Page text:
A mortality imbalance in adults has been demonstrated in meta-analyses of phase 3 and phase 4 active controlled tigecycline clinical trials in adults. This is reflected in tigecycline labels, and should be considered when contemplating pediatric use. Also, tigecycline is not generally recommended in patients <8 years because of potential effects on tooth development, a class effect of tetracyclines, although clearly the risk–benefit ratio needs to be considered when treating MDR infections. The product label indicates tigecycline should be avoided in patients <18 years old unless no alternatives are available.5 Proposed pediatric dosing recommendations have been developed through simulations comparing therapeutic target attainment of twice daily doses ranging from 0.75 to 1.25 mg/kg. These simulations were based upon pharmacokinetic (PK) data from children,6 and exposures in adults enrolled in phase 2 and 3 trials.7,8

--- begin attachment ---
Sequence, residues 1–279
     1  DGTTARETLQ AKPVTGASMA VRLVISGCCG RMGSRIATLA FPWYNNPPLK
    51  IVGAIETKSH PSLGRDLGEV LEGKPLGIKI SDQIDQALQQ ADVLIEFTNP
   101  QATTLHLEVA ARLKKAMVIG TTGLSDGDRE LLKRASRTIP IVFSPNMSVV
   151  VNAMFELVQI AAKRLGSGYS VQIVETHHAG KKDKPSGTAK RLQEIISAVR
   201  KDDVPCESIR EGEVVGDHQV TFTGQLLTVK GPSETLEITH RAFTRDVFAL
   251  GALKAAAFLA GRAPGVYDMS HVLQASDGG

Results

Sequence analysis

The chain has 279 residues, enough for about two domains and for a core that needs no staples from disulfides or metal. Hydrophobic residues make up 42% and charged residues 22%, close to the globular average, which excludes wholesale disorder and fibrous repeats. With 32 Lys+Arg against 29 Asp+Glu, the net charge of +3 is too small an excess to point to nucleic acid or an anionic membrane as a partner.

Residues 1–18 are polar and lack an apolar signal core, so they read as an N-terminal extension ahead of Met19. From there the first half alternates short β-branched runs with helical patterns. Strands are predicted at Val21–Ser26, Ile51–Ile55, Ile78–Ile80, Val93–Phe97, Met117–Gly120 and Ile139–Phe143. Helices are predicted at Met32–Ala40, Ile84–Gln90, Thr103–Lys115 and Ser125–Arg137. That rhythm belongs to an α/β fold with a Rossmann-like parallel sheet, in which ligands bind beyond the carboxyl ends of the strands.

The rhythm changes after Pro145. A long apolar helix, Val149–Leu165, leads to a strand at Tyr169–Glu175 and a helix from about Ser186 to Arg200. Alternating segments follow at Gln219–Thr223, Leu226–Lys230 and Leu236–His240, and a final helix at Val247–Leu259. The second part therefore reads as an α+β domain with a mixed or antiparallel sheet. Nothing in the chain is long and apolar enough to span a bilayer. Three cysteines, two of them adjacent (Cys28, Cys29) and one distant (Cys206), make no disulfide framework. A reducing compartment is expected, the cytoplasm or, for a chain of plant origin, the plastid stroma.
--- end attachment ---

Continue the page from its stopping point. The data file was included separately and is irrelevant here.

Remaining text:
In the European Union (EU), the Pediatric Committee accepted limited tigecycline clinical data to support a pediatric indication (for children from the age of 8 years) based on the limited therapeutic options available and the obvious unmet clinical needs. This resulted in a restricted pediatric indication for tigecycline to treat cSSTI and cIAI by the EMA only in situations in which other antibiotics are not suitable.